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Jim A.

Metaphysical serenity, confidence, courage

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Recently, I went to see the haunted house thriller, The Conjuring. I don't usually see this kind of movie, but a friend wanted me to see it with her. It was an interesting experience for me, not because the film is one I would encourage people to see, but because for me it was a measure of the distance I have travelled psychologically since 1976.

Why do I mention a year? Because in 1976, I was an agnostic, and, therefore, could be swayed either way on the issue of the existence of God (and the supernatural) depending on the power of someone's argument (power, not necessarily validity). In that year, the film The Omen (the original) was released to theaters. That movie--a story about the Anti-Christ arriving on earth--was so manipulative and powerfully malevolent that, because I was wishy-washy in the area of metaphysics, almost scared me right into church. For years I had a sense of metaphysical dread when starting to watch any horror film based on the supernatural. So, at first, I was a little hesitant about seeing The Conjuring. But--for the sake of a good time with a friend--I went.

This time I didn't have that feeling of what I call metaphysical dread (in fact, my friend, who had her face covered for most of the movie, told me that when she looked at me I seemed pretty calm). I attribute this to the fact that sense I first began to study Objectivism and realized how important it is to recognize the Law of Identity--that a thing is always itself, that A is A--and the primacy of existence I have instead developed a sense of what I call metaphysical serenity or metaphysical confidence. I may have jumped once or twice during the movie's scary moments, but I didn't have that overall sense that I was living in a "nightmare universe". In fact, through the whole film, I kept thinking that the events I was watching on the screen could not really happen, and that I live in a rational universe.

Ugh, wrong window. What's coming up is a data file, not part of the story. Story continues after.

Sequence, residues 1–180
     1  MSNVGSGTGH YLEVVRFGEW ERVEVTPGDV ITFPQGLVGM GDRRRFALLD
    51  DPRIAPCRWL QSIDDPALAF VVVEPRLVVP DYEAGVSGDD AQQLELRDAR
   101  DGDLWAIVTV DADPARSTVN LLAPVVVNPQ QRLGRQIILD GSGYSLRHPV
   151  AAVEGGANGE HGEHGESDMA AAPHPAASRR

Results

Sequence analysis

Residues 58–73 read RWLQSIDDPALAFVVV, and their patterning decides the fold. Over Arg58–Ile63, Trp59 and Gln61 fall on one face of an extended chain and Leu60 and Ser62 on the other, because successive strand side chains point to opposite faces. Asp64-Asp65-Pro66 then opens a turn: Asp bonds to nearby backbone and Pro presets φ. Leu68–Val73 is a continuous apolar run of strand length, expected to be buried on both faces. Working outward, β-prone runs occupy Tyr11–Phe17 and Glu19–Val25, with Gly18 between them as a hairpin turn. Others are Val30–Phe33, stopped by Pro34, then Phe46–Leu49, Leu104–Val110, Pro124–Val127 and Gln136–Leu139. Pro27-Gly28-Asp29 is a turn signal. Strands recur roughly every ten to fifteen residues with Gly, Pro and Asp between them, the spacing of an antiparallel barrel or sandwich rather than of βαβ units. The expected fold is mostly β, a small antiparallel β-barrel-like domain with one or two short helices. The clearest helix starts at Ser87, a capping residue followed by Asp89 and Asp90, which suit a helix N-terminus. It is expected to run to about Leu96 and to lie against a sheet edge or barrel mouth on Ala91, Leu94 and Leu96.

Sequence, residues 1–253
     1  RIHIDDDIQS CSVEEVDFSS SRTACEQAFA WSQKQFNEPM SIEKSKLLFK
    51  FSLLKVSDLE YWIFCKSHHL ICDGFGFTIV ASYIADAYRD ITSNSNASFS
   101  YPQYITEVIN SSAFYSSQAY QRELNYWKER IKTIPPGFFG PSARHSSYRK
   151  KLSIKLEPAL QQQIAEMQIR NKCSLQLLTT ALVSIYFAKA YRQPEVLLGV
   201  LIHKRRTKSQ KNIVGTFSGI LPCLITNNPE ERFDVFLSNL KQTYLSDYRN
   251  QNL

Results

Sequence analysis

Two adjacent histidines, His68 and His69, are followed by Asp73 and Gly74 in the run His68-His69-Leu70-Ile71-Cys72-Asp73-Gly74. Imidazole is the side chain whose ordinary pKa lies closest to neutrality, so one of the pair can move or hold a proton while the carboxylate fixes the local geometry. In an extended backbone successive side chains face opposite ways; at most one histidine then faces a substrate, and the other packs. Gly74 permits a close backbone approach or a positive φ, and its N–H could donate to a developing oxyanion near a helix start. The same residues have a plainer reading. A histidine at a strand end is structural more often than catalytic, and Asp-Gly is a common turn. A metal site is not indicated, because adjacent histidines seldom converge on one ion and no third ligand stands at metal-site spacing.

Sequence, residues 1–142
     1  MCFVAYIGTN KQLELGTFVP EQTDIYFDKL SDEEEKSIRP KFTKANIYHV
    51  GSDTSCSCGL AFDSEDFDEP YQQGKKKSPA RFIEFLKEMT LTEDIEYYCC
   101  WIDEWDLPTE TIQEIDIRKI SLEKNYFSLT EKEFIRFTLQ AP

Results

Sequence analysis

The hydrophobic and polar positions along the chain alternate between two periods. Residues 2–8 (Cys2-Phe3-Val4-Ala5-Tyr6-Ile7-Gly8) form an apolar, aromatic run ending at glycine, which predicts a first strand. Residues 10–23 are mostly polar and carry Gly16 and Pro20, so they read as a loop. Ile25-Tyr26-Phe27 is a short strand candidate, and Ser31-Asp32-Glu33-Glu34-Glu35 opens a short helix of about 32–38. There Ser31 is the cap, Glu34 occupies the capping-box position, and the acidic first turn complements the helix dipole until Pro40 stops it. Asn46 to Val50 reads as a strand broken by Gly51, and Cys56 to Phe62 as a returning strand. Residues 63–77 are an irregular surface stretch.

Even though the producers of the movie have stated that it is based on a true story(!).

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I find this type of movie so preposterous that I can only view it on the level of "give me a break". I cannot get involved no matter how much I try, it's all so stupid.

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It is stupid. And the worst example of this kind of movie, I think, is The Exorcist. It was so preposterous that it didn't even scare me, the way I thought back then. But what's even more stupid is when people let these movies--and the hellfire and brimstone sermons they listen to in church--terrify them to the extent they do. They fear not only God, but the Devil and Hell. They don't stop and ask themselves: If I go to Hell, will I have the urgent need to find a burn clinic? (Which reminds me: the best--and only truly correct--description of hell, or the punishment one would receive after "Judgment Day" that I have ever read can be found in the essay "Philosophy and Sense-of-Life" in The Romantic Manifesto, by Ayn Rand.)

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I'll always remember a line (which is probably a famous quote) from an old Twilight Zone episode: "There's nothing in the dark that isn't there when the lights are on." For me, that is an expression of recognizing and looking at objective reality.

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